Weather: all except snow
When it comes to craziness, this day takes the crown so far. My plan was to make it to north and the most direct way was on smaller secondary road and I did take it. The beginning of the journey started off relatively uneventful but as soon as I hit my first shortcut, the surface deteriorated into a mix of worn pavement and gravel. I would remain on this road for one hour or two until I hit the clouds. There the pavement became more continuous but the visibility dropped down to 15 meters or so with the constant drizzle usually accompanying high altitude fog in which I would stay for another two hours. The way down from the peaks is when I started to really enjoy this day. The scenery was spectacular. For a while at least because after lunch, I got some altitude again until on a pass I came head to head with three large vehicles immobilized in the middle of the road. A truck had broken down, another one had gotten bogged down while trying to pass it and on trying to help it out using a nearby excavator, it tipped over and was now lying precariously on the excavator’s shovel. Good luck guys! Two french tourists told me they had seen motorcycles cross around the mess so I there I went. Progressively, villages became more and more of the ethnic minority type, with most habitations being made from local wood and bamboo and women wearing the traditional attire.
The road behind the accident was even better than previously and in little time I had made it to Bao Lac. It was already 16h30 but after refueling and withdrawing money from an ATM (I realized they were few and far between and had little funds to cover any unforeseen issues), I somehow thought it was a good idea to push a bit further to Meo Vac. A bit further? Yes on the map it looked sort of close but it seems I just don’t learn. It already took me a while to find the correct path, once I realized it was now too late to turn around, it was night, I had been through kilometers and kilometers of dirt roads, had gone down a trail just a tad bit larger than a foot path and was now in front of a river with two kids offering me a passage across on a makeshift bamboo raft. Earlier, upon me asking a passer by if I was on the correct direction to Meo Vac, the man gave me a brick of soy milk and told me that yes, I was going the right way but that it was far and that I should go bed. No beds around here my friend and I was ready to challenge a Viet person’s conception of far. I failed, it was far.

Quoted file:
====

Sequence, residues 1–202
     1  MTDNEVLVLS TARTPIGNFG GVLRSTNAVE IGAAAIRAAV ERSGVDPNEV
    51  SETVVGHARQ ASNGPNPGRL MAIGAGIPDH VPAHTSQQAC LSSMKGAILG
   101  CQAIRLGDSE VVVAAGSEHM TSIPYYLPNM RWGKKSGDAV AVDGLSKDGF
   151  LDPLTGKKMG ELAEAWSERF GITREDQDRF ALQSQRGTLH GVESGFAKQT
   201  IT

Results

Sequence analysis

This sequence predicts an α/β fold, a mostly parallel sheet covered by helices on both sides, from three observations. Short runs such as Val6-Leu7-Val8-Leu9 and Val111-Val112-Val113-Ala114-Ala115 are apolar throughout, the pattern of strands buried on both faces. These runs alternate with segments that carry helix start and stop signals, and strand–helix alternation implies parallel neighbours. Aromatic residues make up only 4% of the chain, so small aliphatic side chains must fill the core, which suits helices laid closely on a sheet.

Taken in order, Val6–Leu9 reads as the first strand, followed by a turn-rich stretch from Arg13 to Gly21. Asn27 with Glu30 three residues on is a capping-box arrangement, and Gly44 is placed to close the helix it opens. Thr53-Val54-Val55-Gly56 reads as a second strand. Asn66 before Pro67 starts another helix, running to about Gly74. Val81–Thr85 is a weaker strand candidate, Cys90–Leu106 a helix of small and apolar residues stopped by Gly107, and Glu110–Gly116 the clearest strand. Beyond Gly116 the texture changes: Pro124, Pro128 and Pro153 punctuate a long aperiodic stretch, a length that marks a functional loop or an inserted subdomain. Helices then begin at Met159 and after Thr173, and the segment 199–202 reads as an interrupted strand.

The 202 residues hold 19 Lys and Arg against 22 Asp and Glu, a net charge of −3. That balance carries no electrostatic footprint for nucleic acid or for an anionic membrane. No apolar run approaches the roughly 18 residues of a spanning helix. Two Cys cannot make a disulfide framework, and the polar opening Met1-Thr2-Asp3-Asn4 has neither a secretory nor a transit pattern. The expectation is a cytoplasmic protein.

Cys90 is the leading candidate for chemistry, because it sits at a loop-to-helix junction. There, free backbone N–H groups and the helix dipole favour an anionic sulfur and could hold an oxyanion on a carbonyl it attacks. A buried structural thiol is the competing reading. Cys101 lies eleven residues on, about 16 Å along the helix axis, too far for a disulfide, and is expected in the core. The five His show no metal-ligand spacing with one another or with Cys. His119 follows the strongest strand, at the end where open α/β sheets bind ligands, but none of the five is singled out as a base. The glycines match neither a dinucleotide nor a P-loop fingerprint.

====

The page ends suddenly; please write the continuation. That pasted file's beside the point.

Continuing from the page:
Then the man that was waiting on the bamboo raft for his crossing walked up to me and through a gesture, I understood that he was going to Meo Vac as well. I decided to cross; that was really the point of mo return I guess. On the other side, through an offering of a cigarette, I made sure the guy was cool with me following him. Through altitude and poor maintenance, my motorcycle had since the middle of the afternoon became extremely pushy uphills and now that I had to climb a steep path, it was just not cooperating. In order to get it up, I had to keep the gas handle fully down, use the clutch to minimize the torque on the engine and do the rest of the effort myself. At the top of the hill, my guide was waiting for me. We kept going for a coupe of minutes and then he stopped at a random wooden shack on the side of the road. In spite of me trying to inform him that I wanted to go to Meo Vac and that this could not possibly be it, he convinced me to enter the house. There, a bunch of local minority people were sitting on the ground or on short stools, having what I thought was tea and smoking tobacco in a water pipe. The women, dressed in their costumes, were singing. Two younger men were trying to fix a cell phone and my guide was forcing me to take a seat all while offering me that “tea”, which was actually some sort of vodka. All round bags of rice, a cooking fire and some chickens running around. Unusual experience, whoever brought me here was enjoying some shots but still had his coat on and his keys in his hand so I finally understood that this was just a stopover. Oh well, I felt a bit uneasy, but decided to integrate as much as I could.